ELLSWORTH — As part of the Ellsworth Public Library’s Maine 200 series, author Joseph Owen will discuss This Day in Maine” in an online talk on Thursday, Oct. 29, at 6 p.m. 

While first thoughts of Maine are often about vacations, moose, lobsters and lighthouses, the state also has a rich history. This book highlights some of Maine’s heroes, inventors, athletes, famous and infamous people as well as some highlights and lowlights of Maine history. 

The event is free to attend, but Zoom registration is required. Registration can be done at 

For more information, call the library at 667-6363. 

Ride for a cure 

HANCOCK – Local volunteers are inviting neighbors across Maine to celebrate breast cancer survivors and to help those facing the disease with Ride for a Curea Hancock-based ATV ride on Sunday, Oct. 18. 

Ride for a Cure will include an ATV decorating contest, bra decorating contest, 50/50 raffle and additional raffle items. The first 250 paid registrations will receive a Ride for the Cure gaiter 

Participants are encouraged to register in advance at hancockcountyrideforacure2020.eventbrite.comRegistration for the rain or shine event begins at 8 a.m. at Acadia Area ATV’ers Club, 3 Wyman Road, Hancock, and riders will depart at 9 a.m. on the Downeast Sunrise Trail. A stop is planned at Franklin Trading Post where gas and snacks are available for purchase. The ride will end at Amherst General Store at 561 Airline Road. Social distancing guidelines, including wearing face masks, will be followed. There is a $20 registration fee.  

Any questions should be emailed to [email protected] 


Online discussion on domestic violence 

BLUE HILL — The Blue Hill Public Library will host an online program about domestic violence on Wednesday, Oct. 21, at 6 p.m. in conjunction with Patrisha McLeans October art exhibitFinding Our Voices: Breaking the Silence of Domestic Abuse. 

Joining McLean in this discussion will be Ellsworth artist and fellow survivor Maegan Graslie and Dorathy Martel, executive director of The NextStep Domestic Violence Project. 

NextStep helped both Maegan and Patrisha to safely leave and heal from their domestic violence situations. 

Finding Our Voices: Breaking the Silence of Domestic Abuse consists of photo portraits of women from all over the state, all walks of life and all ages who have experienced domestic abuse, plus audio of each telling about the abuse and their journey out of it. The show is on display in the library’s Britton Gallery and Howard Room through the month of October.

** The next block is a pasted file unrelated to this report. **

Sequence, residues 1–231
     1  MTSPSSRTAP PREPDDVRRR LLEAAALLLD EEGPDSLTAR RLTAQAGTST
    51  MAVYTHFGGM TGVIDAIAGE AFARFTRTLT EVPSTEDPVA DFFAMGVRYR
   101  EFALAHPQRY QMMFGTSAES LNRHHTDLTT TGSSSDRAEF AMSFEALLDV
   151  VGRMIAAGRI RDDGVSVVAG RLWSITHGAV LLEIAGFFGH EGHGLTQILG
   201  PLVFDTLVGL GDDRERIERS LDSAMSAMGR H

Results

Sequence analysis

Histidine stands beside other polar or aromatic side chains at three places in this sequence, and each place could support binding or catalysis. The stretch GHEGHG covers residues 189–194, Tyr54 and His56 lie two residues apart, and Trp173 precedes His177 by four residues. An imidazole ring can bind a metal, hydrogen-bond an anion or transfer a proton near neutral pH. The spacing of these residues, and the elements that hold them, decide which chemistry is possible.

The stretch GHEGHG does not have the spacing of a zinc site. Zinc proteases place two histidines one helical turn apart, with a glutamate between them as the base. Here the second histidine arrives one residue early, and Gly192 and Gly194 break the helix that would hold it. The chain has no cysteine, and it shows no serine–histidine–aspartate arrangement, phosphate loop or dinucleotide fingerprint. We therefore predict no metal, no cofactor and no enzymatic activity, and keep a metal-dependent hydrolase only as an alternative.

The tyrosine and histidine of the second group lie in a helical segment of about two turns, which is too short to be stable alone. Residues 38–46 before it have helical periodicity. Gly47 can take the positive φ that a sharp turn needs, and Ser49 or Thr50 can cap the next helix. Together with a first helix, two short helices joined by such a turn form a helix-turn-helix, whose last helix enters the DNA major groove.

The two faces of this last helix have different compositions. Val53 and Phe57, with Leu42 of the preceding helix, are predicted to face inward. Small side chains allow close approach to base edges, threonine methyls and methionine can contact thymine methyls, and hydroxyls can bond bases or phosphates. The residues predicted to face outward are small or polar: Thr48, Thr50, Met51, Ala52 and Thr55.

The online program is free and open to all, but registration is required to receive the link to join by Zoom. 

To register, call the library at 374-5515 or use the online calendar at 


Coin Auction 

THOMASTON— On Friday, Oct. 23 at 10 a.m., Thomaston Place Auction Galleries will present over 525 lots of rare U.S. and foreign coins, currency, commemoratives and coin sets sourced from fine private collections and Maine estates. The auction will be held at the Elks Lodge at 210 Rankin Street in Rockland. 

Highlighted among the 148 lots of gold coins will be a 1915 gold $20 Saint-Gaudens graded NGC 64+; an 1891 $2.50 Liberty Head gold double die reverse coin graded NGC 65; and an 1891-CC $5 gold Liberty Head coin graded NGC 62+.  

There will be a large selection of silver coins such as a complete set of Washington quarters from 1932 to 1998, including proofs from 1968 to 1998 and silver proofs from 1992 to 1998, with most coins MS-65; a 76-piece partial set of Morgan silver dollars; and a 1798 Draped bust Heraldic Eagle dollar. 

All lots can be viewed at Seating in the auction hall will be limited to 50 guests, so reservations are recommended. Absentee, telephone and internet bidding will also be available. Call (207) 354-8141 for seat reservations or information.